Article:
Defendant moves to dismiss the complaint under FED. R. CIV. P. 12(b)(6) for failure to state a claim upon which relief may be granted or, alternatively, for summary judgment. The allegations in plaintiff's complaint are presumed true and all reasonable factual inferences should be construed in plaintiff's favor. Maljack Prods., Inc. v. Motion Picture Ass'n of Am., Inc., 52 F.3d 373, 375 (D.C. Cir. 1995); Phillips v. Bureau of Prisons, 591 F.2d 966, 968 (D.C. Cir. 1979). In this case, the facts are undisputed and the only issue is one of contract interpretation. "[W]here [insurance] contract language is not ambiguous, summary judgment is appropriate . . . ." Byrd v. Allstate Ins. Co., 622 A.2d 691, 693 (D.C. 1993). An insurance contract is not "ambiguous merely because the parties do not agree on the interpretation of the contract provision in question." Id. at 694 (citation omitted). The question of whether an insurance contract is ambiguous is a one of law, reviewed de novo by the court. See Sacks v. Rothberg, 569 A.2d 150, 154 (D.C. 1990).
II. Uninsured Motorist (UM) Benefits
The principles governing the construction of an insurance contract can be succinctly stated. "An insurance policy is a contract between the insured and the insurer, and in construing it we must first look to the language of the contract." Cameron v. USAA Prop. & Cas. Ins. Co., 733 A.2d 965, 968 (D.C. 1999). "[W]here insurance contract language is not ambiguous, . . . 'a written contract duly signed and executed speaks for itself and binds the parties without the necessity of extrinsic evidence.'" Byrd, 622 A.2d at 693 (quoting Holland v. Hannan, 456 A.2d 807, 815 (D.C. 1983)). If the language is ambiguous, any "doubt should be resolved in favor of the insured" in a manner consistent with the reasonable expectations of the purchaser of the policy. Cameron, 733 A.2d at 968. The "first step in the construction of contracts is to determine 'what a reasonable person in the position of the parties would have thought the disputed language meant.'" Id. at 970 (quoting District of Columbia v. C.J. Langenfelder & Son, Inc., 558 A.2d 1155, 1159 (D.C. 1989)); see also Travelers Indem. Co. of Ill. v. United Food & Commercial Workers International Union, 770 A.2d 978, 985-86 (D.C. 2001). Words must be given their "common, ordinary and . . . 'popular' meaning" and the "clear meaning will be adopted whether favorable to the insured or not." Quadrangle Dev. Corp. v. Hartford Ins. Co., 645 A.2d 1074, 1075 (D.C. 1994) (quoting Unkelsbee v. Homestead Fire Ins. Co. of Baltimore, 41 A.2d 168, 170 (D.C. 1945); Medical Serv. of D.C. v. Llewellyn, 208 A.2d 734, 736 (D.C. 1965)).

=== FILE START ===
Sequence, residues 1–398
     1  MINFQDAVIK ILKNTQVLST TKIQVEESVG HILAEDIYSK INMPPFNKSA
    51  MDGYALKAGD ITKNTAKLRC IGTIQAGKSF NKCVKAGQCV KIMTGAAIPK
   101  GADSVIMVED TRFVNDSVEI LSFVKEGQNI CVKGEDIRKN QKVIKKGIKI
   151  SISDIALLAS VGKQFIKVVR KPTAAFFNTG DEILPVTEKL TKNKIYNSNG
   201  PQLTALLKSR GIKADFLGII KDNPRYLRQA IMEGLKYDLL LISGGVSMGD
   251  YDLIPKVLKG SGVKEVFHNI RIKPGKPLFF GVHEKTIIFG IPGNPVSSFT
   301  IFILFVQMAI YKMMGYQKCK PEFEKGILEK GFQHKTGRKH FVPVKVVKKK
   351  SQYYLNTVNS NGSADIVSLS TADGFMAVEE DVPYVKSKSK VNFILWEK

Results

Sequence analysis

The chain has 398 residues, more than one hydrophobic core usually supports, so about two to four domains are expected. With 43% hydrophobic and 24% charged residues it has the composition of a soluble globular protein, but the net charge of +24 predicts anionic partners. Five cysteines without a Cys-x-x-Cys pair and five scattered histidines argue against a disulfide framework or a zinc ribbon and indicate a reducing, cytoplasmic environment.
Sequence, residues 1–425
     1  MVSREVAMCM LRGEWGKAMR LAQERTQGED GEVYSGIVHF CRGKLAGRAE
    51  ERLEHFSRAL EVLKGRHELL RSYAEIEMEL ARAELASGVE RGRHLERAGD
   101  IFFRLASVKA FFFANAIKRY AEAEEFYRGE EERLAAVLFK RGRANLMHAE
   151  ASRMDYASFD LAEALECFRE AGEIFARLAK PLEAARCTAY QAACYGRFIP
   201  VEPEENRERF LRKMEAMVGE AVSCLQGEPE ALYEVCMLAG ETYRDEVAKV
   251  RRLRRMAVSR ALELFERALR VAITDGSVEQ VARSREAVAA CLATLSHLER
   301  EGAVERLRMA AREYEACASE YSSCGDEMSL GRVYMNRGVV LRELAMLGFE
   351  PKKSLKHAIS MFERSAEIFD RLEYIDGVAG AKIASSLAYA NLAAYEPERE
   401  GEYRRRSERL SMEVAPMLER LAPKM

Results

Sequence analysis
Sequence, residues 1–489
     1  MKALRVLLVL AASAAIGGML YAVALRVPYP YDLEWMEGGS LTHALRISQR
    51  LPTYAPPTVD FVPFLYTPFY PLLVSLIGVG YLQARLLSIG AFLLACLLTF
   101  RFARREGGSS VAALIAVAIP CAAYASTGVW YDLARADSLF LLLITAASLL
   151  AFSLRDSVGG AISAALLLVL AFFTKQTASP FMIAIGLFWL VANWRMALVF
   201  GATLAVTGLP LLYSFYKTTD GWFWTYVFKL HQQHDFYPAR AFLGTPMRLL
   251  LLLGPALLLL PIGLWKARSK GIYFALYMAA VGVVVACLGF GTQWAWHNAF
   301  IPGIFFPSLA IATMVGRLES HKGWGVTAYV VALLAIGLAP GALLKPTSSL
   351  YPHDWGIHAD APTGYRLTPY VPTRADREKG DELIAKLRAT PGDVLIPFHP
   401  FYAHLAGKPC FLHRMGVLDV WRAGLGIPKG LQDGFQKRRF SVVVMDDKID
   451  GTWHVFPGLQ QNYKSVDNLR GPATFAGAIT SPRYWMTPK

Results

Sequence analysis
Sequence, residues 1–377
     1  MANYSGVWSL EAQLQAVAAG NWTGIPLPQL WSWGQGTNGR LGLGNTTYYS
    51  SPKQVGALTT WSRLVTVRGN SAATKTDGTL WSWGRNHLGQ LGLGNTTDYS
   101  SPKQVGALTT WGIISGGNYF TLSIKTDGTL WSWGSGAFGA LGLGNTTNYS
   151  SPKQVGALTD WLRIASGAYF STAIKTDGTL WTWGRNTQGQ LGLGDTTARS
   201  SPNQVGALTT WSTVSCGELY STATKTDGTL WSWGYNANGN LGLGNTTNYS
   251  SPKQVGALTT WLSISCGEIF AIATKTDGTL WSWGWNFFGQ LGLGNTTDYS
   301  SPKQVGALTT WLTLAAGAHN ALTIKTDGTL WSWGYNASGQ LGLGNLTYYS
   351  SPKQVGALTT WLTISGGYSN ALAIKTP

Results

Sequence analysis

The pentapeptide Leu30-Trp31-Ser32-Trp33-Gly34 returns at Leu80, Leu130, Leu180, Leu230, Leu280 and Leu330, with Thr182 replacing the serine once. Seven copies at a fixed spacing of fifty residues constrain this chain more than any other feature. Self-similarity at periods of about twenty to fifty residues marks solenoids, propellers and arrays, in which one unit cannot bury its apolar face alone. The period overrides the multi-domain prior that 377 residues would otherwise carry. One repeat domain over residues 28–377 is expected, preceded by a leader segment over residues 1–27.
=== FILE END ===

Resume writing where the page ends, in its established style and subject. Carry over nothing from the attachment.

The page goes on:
The relevant provisions of the insurance contract issued to Donald W. Sigmund provide: we will pay for damages . . . which an insured person is legally entitled to recover from the owner or operator of an uninsured motor vehicle because of bodily injury or property damage:
1. sustained by an insured person;
2. caused by an accident;* ...